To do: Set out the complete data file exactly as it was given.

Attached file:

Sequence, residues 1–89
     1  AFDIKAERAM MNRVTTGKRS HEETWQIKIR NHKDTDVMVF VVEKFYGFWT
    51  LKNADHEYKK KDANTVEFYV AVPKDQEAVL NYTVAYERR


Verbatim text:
Sequence, residues 1–89
     1  AFDIKAERAM MNRVTTGKRS HEETWQIKIR NHKDTDVMVF VVEKFYGFWT
    51  LKNADHEYKK KDANTVEFYV AVPKDQEAVL NYTVAYERR